Discovery of Self ‒ Conversations about Race and Inclusion on Campus

Laraya Billups, News Editor

Bridgewater, Va. – In August of 2017, I entered Flory Hall for the first time for my PDP (now FILA) 150 course entitled The Souls of Black Folk, centered around W.E.B. Du Bois, a renowned sociologist and one of the cofounders of the NAACP.

This course allowed me to ponder my Blackness in ways my public school system failed to prioritize. I assessed the “problem of the color line” with Du Bois, sat with Martin Luther King Jr. in a Birmingham jail and analyzed what it means to be Black in America along with the son of Ta-Nehisi Coates in his book entitled “Between the World and Me.”

Realizing the complexity of my Black experience could not be possible without the direction of Hope Rias, an associate professor in the education department and my professor for The Souls of Black Folk.

Rias has developed her own understanding of the Black experience through her training in diversity education. Similar to many Black students at Bridgewater College, Rias did not learn Black history extensively in public education in St. Louis, Missouri. However, Rias found a place to explore the various layers of her personality as a Black student — Spelman College.

Spelman College is a historically Black women’s college in Atlanta, Georgia that remains one of the leading colleges in educating Black women since 1924. Rias describes her experience at Spelman as frightening at first, but it changed her life.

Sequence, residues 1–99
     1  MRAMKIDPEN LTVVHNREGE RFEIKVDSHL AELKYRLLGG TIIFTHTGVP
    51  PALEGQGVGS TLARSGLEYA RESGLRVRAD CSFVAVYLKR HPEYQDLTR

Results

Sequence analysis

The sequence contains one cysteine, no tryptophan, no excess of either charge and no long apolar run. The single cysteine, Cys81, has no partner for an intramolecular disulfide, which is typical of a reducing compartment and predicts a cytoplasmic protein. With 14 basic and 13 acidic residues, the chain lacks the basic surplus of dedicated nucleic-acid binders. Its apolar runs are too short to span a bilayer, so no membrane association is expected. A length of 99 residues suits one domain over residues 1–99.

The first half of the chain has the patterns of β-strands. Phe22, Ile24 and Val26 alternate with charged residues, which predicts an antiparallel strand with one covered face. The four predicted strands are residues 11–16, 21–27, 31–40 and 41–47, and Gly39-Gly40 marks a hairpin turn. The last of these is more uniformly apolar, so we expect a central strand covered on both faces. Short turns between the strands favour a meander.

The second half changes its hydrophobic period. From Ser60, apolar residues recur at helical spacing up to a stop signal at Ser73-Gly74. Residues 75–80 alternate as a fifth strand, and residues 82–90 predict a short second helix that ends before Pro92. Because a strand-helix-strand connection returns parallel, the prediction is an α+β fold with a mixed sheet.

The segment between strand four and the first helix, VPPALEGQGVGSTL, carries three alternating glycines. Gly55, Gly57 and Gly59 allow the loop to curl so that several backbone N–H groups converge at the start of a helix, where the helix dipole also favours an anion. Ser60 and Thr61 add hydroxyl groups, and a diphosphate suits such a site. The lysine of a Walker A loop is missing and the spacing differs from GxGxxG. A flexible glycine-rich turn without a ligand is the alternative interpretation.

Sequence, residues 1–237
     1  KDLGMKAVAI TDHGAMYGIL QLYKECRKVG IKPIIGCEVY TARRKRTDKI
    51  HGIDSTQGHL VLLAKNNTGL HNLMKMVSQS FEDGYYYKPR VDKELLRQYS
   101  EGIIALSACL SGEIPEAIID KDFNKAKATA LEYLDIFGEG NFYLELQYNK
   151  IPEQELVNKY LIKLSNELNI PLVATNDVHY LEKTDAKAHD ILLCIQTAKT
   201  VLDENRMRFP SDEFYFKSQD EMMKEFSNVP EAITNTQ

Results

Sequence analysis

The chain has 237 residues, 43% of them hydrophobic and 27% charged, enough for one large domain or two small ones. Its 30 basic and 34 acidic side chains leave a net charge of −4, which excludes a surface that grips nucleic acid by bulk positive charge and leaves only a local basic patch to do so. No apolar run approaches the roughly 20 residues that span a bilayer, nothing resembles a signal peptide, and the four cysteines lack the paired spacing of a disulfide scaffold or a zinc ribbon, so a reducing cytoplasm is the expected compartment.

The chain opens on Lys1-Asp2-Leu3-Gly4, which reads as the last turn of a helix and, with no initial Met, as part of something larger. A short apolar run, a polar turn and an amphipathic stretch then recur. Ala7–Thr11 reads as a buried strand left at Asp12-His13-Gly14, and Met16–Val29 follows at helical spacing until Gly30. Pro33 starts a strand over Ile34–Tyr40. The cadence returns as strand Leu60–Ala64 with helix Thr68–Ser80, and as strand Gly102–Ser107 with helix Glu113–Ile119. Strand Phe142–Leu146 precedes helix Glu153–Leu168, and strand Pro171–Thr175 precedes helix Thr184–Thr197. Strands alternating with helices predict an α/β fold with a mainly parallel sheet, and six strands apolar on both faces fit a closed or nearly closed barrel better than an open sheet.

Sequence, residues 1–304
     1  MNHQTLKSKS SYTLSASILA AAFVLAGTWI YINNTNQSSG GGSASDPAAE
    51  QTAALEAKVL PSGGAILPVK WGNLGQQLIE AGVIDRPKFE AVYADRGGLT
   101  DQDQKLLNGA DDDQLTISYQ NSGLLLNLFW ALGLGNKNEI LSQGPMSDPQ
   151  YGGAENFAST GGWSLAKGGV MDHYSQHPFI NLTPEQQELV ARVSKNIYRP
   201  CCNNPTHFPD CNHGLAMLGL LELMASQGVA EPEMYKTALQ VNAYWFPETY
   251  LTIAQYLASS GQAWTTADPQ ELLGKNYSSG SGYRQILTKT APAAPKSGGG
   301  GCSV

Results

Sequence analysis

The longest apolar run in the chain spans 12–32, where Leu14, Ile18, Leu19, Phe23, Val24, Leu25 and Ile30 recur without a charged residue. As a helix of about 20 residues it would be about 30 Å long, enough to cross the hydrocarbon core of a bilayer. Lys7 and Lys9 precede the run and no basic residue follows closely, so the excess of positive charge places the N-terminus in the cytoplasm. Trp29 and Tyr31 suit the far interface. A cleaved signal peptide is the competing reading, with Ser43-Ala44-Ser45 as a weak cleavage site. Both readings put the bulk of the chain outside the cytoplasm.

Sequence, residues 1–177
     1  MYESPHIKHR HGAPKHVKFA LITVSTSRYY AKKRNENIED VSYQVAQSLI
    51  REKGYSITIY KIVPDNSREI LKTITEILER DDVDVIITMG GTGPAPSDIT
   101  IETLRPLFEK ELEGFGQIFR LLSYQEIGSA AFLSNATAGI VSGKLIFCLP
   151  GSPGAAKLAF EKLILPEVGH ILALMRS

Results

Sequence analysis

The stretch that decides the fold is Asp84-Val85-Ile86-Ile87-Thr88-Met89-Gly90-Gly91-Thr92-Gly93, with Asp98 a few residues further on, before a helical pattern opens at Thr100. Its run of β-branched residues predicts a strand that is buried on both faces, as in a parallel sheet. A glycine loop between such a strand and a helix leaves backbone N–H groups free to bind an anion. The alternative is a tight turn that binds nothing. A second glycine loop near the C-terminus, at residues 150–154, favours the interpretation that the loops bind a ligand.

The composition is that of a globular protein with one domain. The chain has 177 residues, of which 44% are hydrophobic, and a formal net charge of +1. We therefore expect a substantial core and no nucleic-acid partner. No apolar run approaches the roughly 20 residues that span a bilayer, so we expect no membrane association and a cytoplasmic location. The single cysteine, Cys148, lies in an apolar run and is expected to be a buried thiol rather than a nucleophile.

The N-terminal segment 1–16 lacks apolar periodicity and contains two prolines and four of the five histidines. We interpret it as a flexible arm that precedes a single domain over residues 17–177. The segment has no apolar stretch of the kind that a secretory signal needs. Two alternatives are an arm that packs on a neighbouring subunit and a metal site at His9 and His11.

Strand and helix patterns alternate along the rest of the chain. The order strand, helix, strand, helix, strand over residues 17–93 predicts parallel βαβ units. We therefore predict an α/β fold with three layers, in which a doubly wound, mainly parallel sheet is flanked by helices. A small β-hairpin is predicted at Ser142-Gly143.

“I had gone from being seen as the smart Black girl in my high school to being surrounded by 2,000 smart Black girls, and I was scared about whether or not I would still be special. It was also really liberating because it was the first time in my life that I wasn’t the Black girl. I could just be a student, I could just be myself and not worry about being stereotyped,” said Rias.

After Spelman, Rias pursued her master’s at Brown University, a transition Rias characterized as “going back to the minority.”

“After having four years where I wasn’t in the minority, going back into that was very difficult. It’s like experiencing freedom, then being put back in a cage. When I went to Brown University, I encountered the same kind of issues that I had when I was a high school student,” said Rias.

However, setbacks inflicted by racism did not deter Rias from her professional goals. Rias has taught in multiple states, including New York and Indiana, and spent a year abroad in South Africa. She received her doctorate at Indiana University in 2010 and came to teach at Bridgewater College in 2015. 

Rias was drawn to teaching at Bridgewater because the College was seeking to employ someone with expertise in diversity. 

When I came to Bridgewater College, Rias never ceased to ask difficult questions that challenged me as well as my peers. We had to dive deeper into our perceptions and often misconceptions of ourselves. I admired Rias’s tenacity that caused me to evaluate what it means to be a Black woman in America, especially in the education system.

During this Black History Month, I have wondered how my education has aided in my personal and intellectual development as a Black student, and it is unfortunate to say that this is the first course that I have ever encountered these questions. It is also unfortunate to note that most implementations of Black history occur only in February.

My interview with Rias helped me understand that the creator of Black History Month, Carter G. Woodson, created the celebration because “people were not honoring the contributions of Blacks at all.” Eventually, Woodson desired for this celebration to be so ingrained into society that it would be second nature to recognize Blacks.

This is not only regarding Black history, but also all diverse cultures.